Osteoporosis International

, Volume 28, Issue 10, pp 2831–2841 | Cite as

Targeted spine strengthening exercise and posture training program to reduce hyperkyphosis in older adults: results from the study of hyperkyphosis, exercise, and function (SHEAF) randomized controlled trial

  • W. B. KatzmanEmail author
  • E. Vittinghoff
  • F. Lin
  • A. Schafer
  • R. K. Long
  • S. Wong
  • A. Gladin
  • B. Fan
  • B. Allaire
  • D. M. Kado
  • N. E. Lane
Original Article



A 6-month randomized controlled trial of spine-strengthening exercise and posture training reduced both radiographic and clinical measures of kyphosis. Participants receiving the intervention improved self-image and satisfaction with their appearance. Results suggest that spine-strengthening exercise and postural training may be an effective treatment option for older adults with hyperkyphosis.


The purpose of the present study is to determine in a randomized controlled trial whether spine-strengthening exercises improve Cobb angle of kyphosis in community-dwelling older adults.


We recruited adults ≥60 years with kyphosis ≥40° and enrolled 99 participants (71 women, 28 men), mean age 70.6 ± 0.6 years, range 60–88, with baseline Cobb angle 57.4 ± 12.5°. The intervention included group spine-strengthening exercise and postural training, delivered by a physical therapist, 1-h, three times weekly for 6 months. Controls received four group health education meetings. The primary outcome was change in the gold standard Cobb angle of kyphosis measured from standing lateral spine radiographs. Secondary outcomes included change in kyphometer-measured kyphosis, physical function (modified Physical Performance Test, gait speed, Timed Up and Go, Timed Loaded Standing, 6-Min Walk), and health-related quality of life (HRQoL) (PROMIS global health and physical function indexes, SRS-30 self-image domain). ANCOVA was used to assess treatment effects on change from baseline to 6 months in all outcomes.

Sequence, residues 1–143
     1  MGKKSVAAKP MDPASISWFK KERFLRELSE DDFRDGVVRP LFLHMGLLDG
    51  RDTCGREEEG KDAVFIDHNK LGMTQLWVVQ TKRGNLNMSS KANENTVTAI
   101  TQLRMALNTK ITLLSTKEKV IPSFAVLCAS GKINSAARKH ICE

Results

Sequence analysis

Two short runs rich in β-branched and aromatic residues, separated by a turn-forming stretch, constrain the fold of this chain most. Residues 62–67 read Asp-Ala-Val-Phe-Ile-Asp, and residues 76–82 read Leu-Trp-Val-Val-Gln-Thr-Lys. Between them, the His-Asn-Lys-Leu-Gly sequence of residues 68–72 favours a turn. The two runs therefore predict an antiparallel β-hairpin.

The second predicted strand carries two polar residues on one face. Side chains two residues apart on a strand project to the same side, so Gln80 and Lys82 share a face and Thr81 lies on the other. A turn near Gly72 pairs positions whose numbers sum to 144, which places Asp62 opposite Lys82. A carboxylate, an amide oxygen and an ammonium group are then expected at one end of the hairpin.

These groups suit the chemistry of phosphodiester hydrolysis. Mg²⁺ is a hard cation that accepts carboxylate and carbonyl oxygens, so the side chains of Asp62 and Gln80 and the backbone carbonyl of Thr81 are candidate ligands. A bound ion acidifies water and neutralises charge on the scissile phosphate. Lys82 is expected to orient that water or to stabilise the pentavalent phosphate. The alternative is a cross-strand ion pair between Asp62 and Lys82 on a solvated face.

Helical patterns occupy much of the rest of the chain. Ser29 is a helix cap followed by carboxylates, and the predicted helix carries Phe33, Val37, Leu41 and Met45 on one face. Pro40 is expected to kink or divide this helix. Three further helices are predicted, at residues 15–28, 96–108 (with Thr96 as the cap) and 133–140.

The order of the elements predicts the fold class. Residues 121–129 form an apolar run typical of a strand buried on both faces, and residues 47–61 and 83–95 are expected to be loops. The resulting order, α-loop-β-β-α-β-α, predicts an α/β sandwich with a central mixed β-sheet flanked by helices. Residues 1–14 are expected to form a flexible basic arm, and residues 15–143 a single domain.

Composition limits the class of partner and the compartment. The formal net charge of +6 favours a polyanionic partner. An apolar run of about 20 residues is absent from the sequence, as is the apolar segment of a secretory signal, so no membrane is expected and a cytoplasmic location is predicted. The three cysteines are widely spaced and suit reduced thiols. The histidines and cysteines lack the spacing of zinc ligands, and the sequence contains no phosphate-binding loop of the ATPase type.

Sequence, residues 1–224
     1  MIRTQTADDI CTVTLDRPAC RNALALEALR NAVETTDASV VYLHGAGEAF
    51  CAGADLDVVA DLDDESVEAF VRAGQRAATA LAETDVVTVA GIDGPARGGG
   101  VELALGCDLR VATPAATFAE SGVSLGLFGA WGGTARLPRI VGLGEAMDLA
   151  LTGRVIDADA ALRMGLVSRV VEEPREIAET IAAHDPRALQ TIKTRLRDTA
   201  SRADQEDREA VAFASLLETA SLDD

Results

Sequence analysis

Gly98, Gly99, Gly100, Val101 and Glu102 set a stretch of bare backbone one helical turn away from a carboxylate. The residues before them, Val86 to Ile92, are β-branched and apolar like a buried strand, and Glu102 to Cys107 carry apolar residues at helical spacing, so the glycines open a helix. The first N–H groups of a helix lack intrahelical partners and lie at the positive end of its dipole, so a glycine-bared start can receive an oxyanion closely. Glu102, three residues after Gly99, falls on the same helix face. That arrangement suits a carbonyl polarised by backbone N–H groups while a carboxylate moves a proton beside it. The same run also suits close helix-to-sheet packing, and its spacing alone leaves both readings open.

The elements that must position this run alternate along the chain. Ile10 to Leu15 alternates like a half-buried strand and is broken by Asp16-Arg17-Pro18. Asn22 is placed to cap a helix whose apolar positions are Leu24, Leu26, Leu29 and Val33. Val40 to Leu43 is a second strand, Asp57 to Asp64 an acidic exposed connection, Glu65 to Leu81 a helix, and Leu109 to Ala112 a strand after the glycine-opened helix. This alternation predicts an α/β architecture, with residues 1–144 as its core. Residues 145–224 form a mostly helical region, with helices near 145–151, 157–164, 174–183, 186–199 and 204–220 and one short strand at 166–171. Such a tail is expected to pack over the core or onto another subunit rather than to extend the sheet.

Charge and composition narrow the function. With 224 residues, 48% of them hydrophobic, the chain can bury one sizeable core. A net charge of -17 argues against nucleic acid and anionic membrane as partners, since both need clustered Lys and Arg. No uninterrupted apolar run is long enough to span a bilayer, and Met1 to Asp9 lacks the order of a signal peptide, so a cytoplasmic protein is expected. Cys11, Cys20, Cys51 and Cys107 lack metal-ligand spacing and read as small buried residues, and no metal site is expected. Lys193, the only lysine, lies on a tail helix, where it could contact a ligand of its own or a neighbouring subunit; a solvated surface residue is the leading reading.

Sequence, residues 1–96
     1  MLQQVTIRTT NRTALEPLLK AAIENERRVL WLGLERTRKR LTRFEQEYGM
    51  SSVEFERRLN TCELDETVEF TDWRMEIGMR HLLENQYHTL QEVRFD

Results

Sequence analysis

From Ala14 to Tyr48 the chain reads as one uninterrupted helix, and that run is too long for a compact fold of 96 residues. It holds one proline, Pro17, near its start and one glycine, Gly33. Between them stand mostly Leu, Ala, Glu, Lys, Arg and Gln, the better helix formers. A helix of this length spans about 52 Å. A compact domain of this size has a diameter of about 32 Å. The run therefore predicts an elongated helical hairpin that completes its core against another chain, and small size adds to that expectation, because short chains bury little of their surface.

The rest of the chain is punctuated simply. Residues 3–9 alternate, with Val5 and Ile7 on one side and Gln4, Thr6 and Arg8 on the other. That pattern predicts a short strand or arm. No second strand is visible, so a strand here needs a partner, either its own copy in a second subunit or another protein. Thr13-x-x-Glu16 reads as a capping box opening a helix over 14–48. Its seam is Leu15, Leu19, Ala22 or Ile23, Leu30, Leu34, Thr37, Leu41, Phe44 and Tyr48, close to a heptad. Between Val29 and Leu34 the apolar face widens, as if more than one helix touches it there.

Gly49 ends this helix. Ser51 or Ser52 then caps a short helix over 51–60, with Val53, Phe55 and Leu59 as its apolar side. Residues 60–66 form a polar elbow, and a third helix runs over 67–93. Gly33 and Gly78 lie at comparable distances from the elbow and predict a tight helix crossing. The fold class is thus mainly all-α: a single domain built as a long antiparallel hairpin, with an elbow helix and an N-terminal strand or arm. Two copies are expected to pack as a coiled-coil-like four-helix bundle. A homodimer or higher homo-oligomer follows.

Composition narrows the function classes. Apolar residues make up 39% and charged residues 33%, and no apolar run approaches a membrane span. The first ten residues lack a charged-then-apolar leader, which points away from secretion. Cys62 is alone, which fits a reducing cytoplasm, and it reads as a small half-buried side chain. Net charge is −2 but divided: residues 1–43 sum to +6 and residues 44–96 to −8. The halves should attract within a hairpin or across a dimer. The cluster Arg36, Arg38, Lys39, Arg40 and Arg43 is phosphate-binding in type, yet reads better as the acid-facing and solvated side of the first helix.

There was a −3.0° (95% CI −5.2, −0.8) between-group difference in change in Cobb angle, p = 0.009, favoring the intervention and approximating the magnitude of change from an incident vertebral fracture. Kyphometer-measured kyphosis (p = 0.03) and SRS-30 self-esteem (p < 0.001) showed favorable between-group differences in change, with no group differences in physical function or additional HRQoL outcomes, p > 0.05.


Spine-strengthening exercise and posture training over 6 months reduced kyphosis compared to control. Our randomized controlled trial results suggest that a targeted kyphosis-specific exercise program may be an effective treatment option for older adults with hyperkyphosis.

Trial registration number and name of trial register; identifier NCT01751685


Aging Clinical trials Exercise Radiology Skeletal muscle 



This research was supported by the National Institute on Aging (NIA) RO1AG041921 and by the National Center for Advancing Translational Sciences, National Institutes of Health, through UCSF-CTSI Grant Number UL1 TR000004. Its contents are solely the responsibility of the authors and do not necessarily represent the official views of the NIH. The authors wish to acknowledge the Data Safety Monitoring Board for their study oversight, Nicole King and Scott Puracchio for their assistance in data collection, and Lorenzo Nardo for data acquisition.

Compliance with ethical standards

The study protocol was approved by the University of California San Francisco and Kaiser Permanente Northern California Institutional Review Boards.

Conflicts of interest



This research was supported by the National Institute on Aging (NIA) RO1AG041921.


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Copyright information

© International Osteoporosis Foundation and National Osteoporosis Foundation 2017

Authors and Affiliations

  • W. B. Katzman
    • 1
    Email author
  • E. Vittinghoff
    • 2
  • F. Lin
    • 2
  • A. Schafer
    • 3
    • 4
  • R. K. Long
    • 5
  • S. Wong
    • 1
  • A. Gladin
    • 6
  • B. Fan
    • 7
  • B. Allaire
    • 8
  • D. M. Kado
    • 9
  • N. E. Lane
    • 10
  1. 1.University of CaliforniaSan FranciscoUSA
  2. 2.University of CaliforniaSan FranciscoUSA
  3. 3.University of CaliforniaSan FranciscoUSA
  4. 4.San Francisco Veterans Affairs Health Care SystemSan FranciscoUSA
  5. 5.University of CaliforniaSan FranciscoUSA
  6. 6.Kaiser Permanente Northern CA, San Francisco Medical CenterSan FranciscoUSA
  7. 7.University of CaliforniaSan FranciscoUSA
  8. 8.Beth Israel Deaconess Medical CenterBostonUSA
  9. 9.University of CaliforniaLa JollaUSA
  10. 10.University of CaliforniaSacramentoUSA

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